It all started with the Pidgin chat window, which is surrounded by several pixels of padding. To my eyes the padding doesn’t achieve anything, it just wastes space and detracts from the clean, minimalist lines of the Buddy List. After much fumbling, I managed to change it in the Pidgin source code . Bug 6987 with patch was duly filed. Now I’ve become obsessed, I’m spotting extra borders and pixels in nearly every application on my desktop.
Fitts’ Law: The time to acquire a target is a function of the distance to and size of the target. AskTog
Fitts’ law models the effort to point at something, for instance adjusting a scrollbar with the mouse pointer. A scrollbar at the very edge of the screen is much easier to hit than one inset by a few pixels. Effectively, anything at the edge of the screen has infiite thickness, so it’s very easy to hit. If there is a border surrounding the application, when it maximized the screen edge becomes useless. Firefox, Evolution, Gnome Terminal, Nautilus, Scite & others get this right. When maximized their scrollbar reaches the screen edge.
Pidgin, Gedit, Synaptic, MonoDevelop, Qt Designer, Glade, Anjuta & many more get it terribly wrong. The scrollbars are inset from the window’s edge by a few ugly, infuriating pixels. These applications need fixing and their designers subjected to aversion therapy.
The true culprit
In fact Pidgin and Gedit are innocent, they’ve been framed (so to speak) by GTK+.
The GtkNotebook widget is the multi-tabbed container for GTK+ applications, such as these. GtkNotebook draws a thin border around anything placed on one of it’s pages, this border is unavoidably drawn when the tabs are shown. The effect can be seen by opening a new Gnome Terminal, maximizing it, then opening a new tab. The scrollbar shifts inward by a few pixels.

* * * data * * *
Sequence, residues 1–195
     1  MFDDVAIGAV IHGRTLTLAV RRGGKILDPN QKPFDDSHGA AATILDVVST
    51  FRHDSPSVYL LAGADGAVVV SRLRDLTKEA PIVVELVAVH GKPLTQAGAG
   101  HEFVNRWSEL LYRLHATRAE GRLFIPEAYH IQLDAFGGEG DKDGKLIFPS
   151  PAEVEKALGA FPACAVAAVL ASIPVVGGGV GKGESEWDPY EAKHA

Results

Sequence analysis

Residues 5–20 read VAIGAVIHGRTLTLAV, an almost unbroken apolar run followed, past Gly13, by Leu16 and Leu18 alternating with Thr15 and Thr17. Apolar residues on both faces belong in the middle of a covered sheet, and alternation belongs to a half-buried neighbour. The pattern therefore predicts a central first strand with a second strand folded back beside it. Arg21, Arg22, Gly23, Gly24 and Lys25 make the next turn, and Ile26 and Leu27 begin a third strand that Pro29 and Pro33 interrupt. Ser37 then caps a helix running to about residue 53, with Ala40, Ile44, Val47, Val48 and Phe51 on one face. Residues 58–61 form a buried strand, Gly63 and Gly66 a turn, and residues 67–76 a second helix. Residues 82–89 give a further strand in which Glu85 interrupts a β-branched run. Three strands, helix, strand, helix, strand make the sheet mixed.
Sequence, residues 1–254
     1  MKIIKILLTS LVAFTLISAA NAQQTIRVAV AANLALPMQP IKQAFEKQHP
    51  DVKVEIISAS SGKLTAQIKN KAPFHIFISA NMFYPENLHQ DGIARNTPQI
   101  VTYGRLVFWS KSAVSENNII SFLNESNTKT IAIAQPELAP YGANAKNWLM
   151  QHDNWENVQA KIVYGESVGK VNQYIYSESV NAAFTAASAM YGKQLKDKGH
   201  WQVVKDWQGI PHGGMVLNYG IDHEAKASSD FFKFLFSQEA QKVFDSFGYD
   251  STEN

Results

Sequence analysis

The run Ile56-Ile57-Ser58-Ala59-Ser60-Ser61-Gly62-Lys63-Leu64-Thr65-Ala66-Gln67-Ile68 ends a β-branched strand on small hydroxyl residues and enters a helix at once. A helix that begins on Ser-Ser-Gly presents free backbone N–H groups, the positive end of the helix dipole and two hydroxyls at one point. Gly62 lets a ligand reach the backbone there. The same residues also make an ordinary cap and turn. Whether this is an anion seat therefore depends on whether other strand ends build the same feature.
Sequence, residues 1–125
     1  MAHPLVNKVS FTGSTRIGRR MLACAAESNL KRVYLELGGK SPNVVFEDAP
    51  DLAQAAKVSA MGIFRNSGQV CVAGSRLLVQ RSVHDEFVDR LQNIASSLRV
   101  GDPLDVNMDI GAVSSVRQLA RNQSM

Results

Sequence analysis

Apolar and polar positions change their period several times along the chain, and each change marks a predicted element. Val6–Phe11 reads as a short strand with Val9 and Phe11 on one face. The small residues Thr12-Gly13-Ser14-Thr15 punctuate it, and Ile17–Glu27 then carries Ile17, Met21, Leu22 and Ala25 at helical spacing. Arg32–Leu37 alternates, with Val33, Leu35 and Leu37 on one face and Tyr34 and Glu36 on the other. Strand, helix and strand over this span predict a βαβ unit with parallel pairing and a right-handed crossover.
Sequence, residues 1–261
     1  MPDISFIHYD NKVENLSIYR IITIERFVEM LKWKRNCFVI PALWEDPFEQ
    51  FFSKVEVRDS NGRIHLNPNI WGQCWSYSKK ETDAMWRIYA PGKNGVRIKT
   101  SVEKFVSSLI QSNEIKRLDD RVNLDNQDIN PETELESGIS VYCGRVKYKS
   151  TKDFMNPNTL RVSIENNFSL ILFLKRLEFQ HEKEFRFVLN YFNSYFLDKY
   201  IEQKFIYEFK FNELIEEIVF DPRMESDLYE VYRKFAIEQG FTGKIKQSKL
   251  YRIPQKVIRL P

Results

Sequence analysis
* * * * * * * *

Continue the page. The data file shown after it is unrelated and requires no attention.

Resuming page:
Firefox gets around this in some way I haven’t divined. Either it doesn’t use GtkNotebook or the GtkNotebook doesn’t contain the pages. Instead Mozilla seem to have implemented their own paging. For those using KDE, the message is mixed. Qt is no better - out of the box QTabWidget places a similar border around controls placed within it. Konsole 3.x suffers from this, although Konsole 4 & Kate 4 do not. Props to the KDE project. Microsoft Windows also fairs poorly, though Office 2007 pulls some new tricks. try maximizing Internet Explorer or Outlook.
How things should be
How can this be fixed? Should it be fixed? GTK+ and Qt implement their tabbed containers like this for presumably sane reasons, but it makes these applications harder to use and frankly it looks butt ugly to me. Many will groan at this, but from what I’ve seen Mac OS X gets this right. The lines are clean, applications look very uncluttered and everything extends to the edge of the window - there are few borders, if any. For instance, compare this screen shot of Adium to the earlier Pidgin screen shots.
I’m want Gnome or KDE to look just like Aqua, but they could simplify much along those lines.
Accessories to the crime
Dead space is present in other areas of the Free desktop. Often around scrollbars. On Ubuntu, with the Human theme many GTK+ applications, including Evolution and Synaptic, have padding between lists or text areas and their scrollbars. Some rehabilitation can be done with the gtkrc file or an alternative theme such as Clearlooks Compact. More in this next time.